One afternoon in March 2016, Kim Fromme took the stand in a Santa Clara, California, courtroom as an expert witness in the now-infamous case of the People v. Brock Allen Turner. The jury was tasked with determining what had happened between Turner, a former Stanford University swimmer, and “Emily Doe,” a 22-year-old woman who had no memory of Turner, a stranger, sexually assaulting her after a frat party.
In California, it’s illegal to sexually penetrate someone who you know is incapable of consenting, and the prosecution sought to prove Turner took advantage of an incapacitated, vulnerable woman. The defense, arguing that Doe had consented before she fell unconscious, hoped to tell the story of a drunken college hookup. To do so, they needed Fromme.
Fromme, a clinical psychology professor at the University of Texas at Austin, has testified in, consulted on, or provided depositions for more than 50 criminal, civil, and military cases since 2009, the majority of which have involved men accused of sexually assaulting drunk women. In all but a handful of those cases, she has worked on behalf of the accused, whose lawyers hire her to explain how research shows it’s possible to engage in voluntary activities during an alcohol-induced blackout. More specifically, Fromme will say that a woman can voluntarily have sex while blacked out, even if she can’t remember doing so.
Fromme has studied the effects of alcohol intoxication and associated risk-taking for three decades, and she sees herself as an unbiased educator who believes everyone has the right to a fair trial, including alleged rapists. But critics say Fromme is a hired gun — “the paid angel of death of sexual assault,” one called her — who profits off advancing the stereotype that drunk women “cry rape” after sobering up.
“Do you believe that you have a vested interest in this case, or are you here just to educate the jury?” prosecutor Alaleh Kianerci asked Fromme in a heated cross-examination that March afternoon.
“That's a very good question,” said Fromme, who wears her blonde hair cut short and has the calm, contemplative nature of someone more used to lab work than courtroom drama.
“I think that I do have an interest in this case,” Fromme said. “I do not think my testimony is biased by that. The facts are the facts.”
Although it's estimated that half of all sexual assaults involve alcohol, it used to be that women who were raped while drunk rarely, if ever, reported it to police. Who would believe them? Times have changed, thanks to rape-law reform, digital evidence — photos and texts help fill in the blanks when memory fails — and a major cultural shift, vigorously promoted by the Obama administration, that assures victims that sexual assault is never their fault.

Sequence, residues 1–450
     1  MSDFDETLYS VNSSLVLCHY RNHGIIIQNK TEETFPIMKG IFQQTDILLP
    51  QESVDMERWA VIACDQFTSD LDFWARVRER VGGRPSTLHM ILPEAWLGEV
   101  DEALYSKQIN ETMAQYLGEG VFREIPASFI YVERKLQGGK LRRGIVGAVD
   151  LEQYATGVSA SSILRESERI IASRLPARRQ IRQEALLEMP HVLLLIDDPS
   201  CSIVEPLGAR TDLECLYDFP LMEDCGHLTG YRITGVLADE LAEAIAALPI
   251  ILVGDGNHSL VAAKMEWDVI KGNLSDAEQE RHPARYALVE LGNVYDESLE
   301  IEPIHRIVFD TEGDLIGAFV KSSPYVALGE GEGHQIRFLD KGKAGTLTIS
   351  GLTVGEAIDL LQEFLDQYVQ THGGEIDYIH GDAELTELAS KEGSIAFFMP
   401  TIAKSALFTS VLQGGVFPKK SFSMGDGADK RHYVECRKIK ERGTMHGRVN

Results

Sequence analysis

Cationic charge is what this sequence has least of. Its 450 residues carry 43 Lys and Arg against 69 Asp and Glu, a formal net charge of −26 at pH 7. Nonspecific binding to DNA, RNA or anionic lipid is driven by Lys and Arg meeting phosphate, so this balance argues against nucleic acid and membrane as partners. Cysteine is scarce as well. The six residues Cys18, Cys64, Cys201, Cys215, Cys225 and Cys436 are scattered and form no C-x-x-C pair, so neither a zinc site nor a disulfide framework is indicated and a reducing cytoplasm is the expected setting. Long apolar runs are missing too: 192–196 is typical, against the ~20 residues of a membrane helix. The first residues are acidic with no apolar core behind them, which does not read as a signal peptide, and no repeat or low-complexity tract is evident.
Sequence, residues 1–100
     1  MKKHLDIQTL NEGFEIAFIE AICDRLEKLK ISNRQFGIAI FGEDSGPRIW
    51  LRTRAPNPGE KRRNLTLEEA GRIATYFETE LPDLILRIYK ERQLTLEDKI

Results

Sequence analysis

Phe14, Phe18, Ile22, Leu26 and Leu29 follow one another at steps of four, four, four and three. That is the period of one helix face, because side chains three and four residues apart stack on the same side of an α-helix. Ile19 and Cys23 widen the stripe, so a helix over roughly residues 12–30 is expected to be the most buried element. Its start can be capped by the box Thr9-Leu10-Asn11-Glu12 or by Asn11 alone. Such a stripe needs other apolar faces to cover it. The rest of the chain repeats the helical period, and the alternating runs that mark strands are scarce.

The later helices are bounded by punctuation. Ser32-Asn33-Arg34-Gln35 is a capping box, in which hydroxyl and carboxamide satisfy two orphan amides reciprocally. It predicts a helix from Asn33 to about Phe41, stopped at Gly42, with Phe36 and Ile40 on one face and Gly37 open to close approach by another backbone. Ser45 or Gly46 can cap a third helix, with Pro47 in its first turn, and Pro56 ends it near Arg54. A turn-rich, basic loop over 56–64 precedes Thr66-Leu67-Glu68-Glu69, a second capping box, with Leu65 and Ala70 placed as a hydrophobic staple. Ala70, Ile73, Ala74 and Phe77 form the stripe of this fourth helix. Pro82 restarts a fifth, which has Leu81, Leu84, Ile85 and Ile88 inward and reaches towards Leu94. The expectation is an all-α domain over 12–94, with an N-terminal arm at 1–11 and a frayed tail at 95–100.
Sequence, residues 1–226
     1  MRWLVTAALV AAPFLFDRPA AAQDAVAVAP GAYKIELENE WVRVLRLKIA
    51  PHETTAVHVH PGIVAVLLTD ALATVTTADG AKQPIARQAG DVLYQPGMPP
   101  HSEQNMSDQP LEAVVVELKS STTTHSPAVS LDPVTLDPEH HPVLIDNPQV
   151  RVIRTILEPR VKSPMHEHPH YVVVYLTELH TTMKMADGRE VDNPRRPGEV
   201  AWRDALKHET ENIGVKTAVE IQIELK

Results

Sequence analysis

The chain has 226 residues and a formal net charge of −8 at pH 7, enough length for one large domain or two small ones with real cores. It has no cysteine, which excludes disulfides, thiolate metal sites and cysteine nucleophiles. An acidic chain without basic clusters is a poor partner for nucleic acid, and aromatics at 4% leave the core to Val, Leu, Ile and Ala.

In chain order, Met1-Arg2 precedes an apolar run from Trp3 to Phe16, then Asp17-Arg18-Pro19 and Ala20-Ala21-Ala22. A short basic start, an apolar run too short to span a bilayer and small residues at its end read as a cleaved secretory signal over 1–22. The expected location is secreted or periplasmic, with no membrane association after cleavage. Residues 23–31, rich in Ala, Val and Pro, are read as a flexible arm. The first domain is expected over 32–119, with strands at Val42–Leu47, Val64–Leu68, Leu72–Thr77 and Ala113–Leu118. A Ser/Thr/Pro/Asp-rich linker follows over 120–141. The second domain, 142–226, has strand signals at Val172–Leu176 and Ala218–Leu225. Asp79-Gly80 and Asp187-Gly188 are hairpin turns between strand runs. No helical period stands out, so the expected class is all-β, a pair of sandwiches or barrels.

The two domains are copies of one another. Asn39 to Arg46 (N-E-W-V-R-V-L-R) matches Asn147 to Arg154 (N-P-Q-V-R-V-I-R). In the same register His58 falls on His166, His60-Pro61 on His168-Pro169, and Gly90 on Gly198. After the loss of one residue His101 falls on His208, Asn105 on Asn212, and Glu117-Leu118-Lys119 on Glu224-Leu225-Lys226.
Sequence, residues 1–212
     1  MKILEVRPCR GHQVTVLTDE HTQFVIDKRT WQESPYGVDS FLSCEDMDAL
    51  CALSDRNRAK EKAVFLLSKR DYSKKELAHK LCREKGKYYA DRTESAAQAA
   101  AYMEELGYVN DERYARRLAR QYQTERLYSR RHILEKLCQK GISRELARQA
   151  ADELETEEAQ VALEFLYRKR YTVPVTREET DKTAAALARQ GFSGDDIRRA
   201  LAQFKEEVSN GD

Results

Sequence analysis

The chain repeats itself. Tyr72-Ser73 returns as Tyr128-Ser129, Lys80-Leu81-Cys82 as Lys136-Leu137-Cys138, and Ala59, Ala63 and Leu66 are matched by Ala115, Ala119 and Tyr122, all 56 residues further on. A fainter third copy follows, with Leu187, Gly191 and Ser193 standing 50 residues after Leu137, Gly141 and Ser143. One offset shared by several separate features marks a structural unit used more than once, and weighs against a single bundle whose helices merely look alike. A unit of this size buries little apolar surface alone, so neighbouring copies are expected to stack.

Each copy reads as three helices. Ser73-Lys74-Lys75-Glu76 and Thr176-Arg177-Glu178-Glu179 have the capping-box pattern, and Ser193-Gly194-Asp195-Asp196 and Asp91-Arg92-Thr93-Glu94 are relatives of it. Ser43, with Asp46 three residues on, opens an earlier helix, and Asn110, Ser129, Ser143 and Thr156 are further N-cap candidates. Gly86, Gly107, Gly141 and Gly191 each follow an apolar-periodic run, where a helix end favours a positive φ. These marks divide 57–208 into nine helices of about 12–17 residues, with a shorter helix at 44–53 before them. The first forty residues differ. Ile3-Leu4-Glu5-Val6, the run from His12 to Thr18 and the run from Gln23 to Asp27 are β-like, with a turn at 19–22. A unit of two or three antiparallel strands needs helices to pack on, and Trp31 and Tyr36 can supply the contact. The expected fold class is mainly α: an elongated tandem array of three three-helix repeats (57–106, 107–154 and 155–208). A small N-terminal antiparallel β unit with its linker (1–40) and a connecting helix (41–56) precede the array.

A generation ago, Brock Turner probably wouldn’t have faced any charges. In 2016, his guilty verdict wasn’t enough to satisfy those fed up with the status quo: Instead, there was national outrage after Judge Aaron Persky gave Turner a light sentence, in part because alcohol was involved.
“Alcohol was not the one who stripped me, fingered me, had my head dragging against the ground, with me almost fully naked,” Emily Doe wrote in a victim’s statement that went viral. “Regretting drinking is not the same as regretting sexual assault.”
But while researchers say suspects shouldn’t use alcoholic blackouts as a defense for committing crimes, the jury is still out, so to speak, on whether alleged victims of sexual assault should ever be held accountable for drinking too much.
For many anti-rape advocates, the answer is unequivocally no. "If a young woman is drunk, SHE CANNOT CONSENT," former vice president Joe Biden, who spearheaded the bystander-intervention campaign “It’s On Us,” recently told Teen Vogue. "She cannot consent, and it's rape. It's rape. It's rape. It's rape."
In courtrooms, and on college campuses and military bases, the line between drunk sex and sexual assault is murkier. Even reality television is divided over whether it’s possible to give consent while intoxicated: In June, the wildly popular show, Bachelor in Paradise, dominated headlines after a producer suspected a contestant was too drunk to consent to on-camera sexual activity.
One central point of confusion is that few people understand what it truly means to be in a blackout, Fromme said, despite the rise of “extreme” binge drinking in recent years. When attorneys want to convince juries and judges that drunk sex and rape aren’t synonymous, they call her up. In 2013, she testified for the defense in the landmark Steubenville, Ohio, high school football rape case, in which two teenage football players were charged with and found guilty of sexually assaulting an intoxicated 16-year-old girl. Fromme’s testimony helped set military-law precedent in a monumental case which ultimately determined that just because a member of the armed forces is intoxicated doesn't mean they are unable to consent.